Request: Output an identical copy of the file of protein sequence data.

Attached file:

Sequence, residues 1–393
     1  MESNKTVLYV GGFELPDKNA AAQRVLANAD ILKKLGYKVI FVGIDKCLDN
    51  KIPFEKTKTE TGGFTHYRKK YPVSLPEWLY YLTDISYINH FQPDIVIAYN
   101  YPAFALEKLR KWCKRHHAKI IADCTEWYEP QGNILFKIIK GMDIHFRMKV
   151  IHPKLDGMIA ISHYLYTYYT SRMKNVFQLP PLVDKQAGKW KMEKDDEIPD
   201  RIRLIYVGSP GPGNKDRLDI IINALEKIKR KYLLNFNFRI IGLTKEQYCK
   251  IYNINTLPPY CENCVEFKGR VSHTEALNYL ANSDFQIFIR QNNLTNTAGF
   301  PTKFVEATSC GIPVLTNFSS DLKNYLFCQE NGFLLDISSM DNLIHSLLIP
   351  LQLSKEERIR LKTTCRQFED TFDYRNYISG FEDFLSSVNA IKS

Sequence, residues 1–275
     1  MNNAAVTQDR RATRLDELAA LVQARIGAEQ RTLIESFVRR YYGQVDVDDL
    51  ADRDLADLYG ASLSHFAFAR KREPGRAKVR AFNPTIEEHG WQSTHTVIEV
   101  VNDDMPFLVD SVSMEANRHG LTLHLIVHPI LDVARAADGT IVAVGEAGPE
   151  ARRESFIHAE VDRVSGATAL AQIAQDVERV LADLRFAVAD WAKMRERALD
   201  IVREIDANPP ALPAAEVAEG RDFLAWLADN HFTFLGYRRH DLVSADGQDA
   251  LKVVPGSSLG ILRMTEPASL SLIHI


Sequence, residues 1–393
     1  MESNKTVLYV GGFELPDKNA AAQRVLANAD ILKKLGYKVI FVGIDKCLDN
    51  KIPFEKTKTE TGGFTHYRKK YPVSLPEWLY YLTDISYINH FQPDIVIAYN
   101  YPAFALEKLR KWCKRHHAKI IADCTEWYEP QGNILFKIIK GMDIHFRMKV
   151  IHPKLDGMIA ISHYLYTYYT SRMKNVFQLP PLVDKQAGKW KMEKDDEIPD
   201  RIRLIYVGSP GPGNKDRLDI IINALEKIKR KYLLNFNFRI IGLTKEQYCK
   251  IYNINTLPPY CENCVEFKGR VSHTEALNYL ANSDFQIFIR QNNLTNTAGF
   301  PTKFVEATSC GIPVLTNFSS DLKNYLFCQE NGFLLDISSM DNLIHSLLIP
   351  LQLSKEERIR LKTTCRQFED TFDYRNYISG FEDFLSSVNA IKS

Sequence, residues 1–275
     1  MNNAAVTQDR RATRLDELAA LVQARIGAEQ RTLIESFVRR YYGQVDVDDL
    51  ADRDLADLYG ASLSHFAFAR KREPGRAKVR AFNPTIEEHG WQSTHTVIEV
   101  VNDDMPFLVD SVSMEANRHG LTLHLIVHPI LDVARAADGT IVAVGEAGPE
   151  ARRESFIHAE VDRVSGATAL AQIAQDVERV LADLRFAVAD WAKMRERALD
   201  IVREIDANPP ALPAAEVAEG RDFLAWLADN HFTFLGYRRH DLVSADGQDA
   251  LKVVPGSSLG ILRMTEPASL SLIHI